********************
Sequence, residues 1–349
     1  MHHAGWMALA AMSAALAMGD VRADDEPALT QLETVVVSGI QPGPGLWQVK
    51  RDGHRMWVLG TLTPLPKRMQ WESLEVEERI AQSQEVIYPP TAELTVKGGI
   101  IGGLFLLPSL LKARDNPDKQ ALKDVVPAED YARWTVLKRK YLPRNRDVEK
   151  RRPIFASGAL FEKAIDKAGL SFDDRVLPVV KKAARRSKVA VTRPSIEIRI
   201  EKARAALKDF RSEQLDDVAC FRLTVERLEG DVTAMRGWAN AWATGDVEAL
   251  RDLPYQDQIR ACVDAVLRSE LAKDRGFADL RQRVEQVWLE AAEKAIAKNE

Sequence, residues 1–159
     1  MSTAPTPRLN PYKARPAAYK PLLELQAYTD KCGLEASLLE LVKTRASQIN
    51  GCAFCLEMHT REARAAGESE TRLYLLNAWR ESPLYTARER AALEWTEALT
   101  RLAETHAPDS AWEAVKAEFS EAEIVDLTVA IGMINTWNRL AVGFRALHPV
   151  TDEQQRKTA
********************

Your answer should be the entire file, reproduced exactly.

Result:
Sequence, residues 1–349
     1  MHHAGWMALA AMSAALAMGD VRADDEPALT QLETVVVSGI QPGPGLWQVK
    51  RDGHRMWVLG TLTPLPKRMQ WESLEVEERI AQSQEVIYPP TAELTVKGGI
   101  IGGLFLLPSL LKARDNPDKQ ALKDVVPAED YARWTVLKRK YLPRNRDVEK
   151  RRPIFASGAL FEKAIDKAGL SFDDRVLPVV KKAARRSKVA VTRPSIEIRI
   201  EKARAALKDF RSEQLDDVAC FRLTVERLEG DVTAMRGWAN AWATGDVEAL
   251  RDLPYQDQIR ACVDAVLRSE LAKDRGFADL RQRVEQVWLE AAEKAIAKNE

Sequence, residues 1–159
     1  MSTAPTPRLN PYKARPAAYK PLLELQAYTD KCGLEASLLE LVKTRASQIN
    51  GCAFCLEMHT REARAAGESE TRLYLLNAWR ESPLYTARER AALEWTEALT
   101  RLAETHAPDS AWEAVKAEFS EAEIVDLTVA IGMINTWNRL AVGFRALHPV
   151  TDEQQRKTA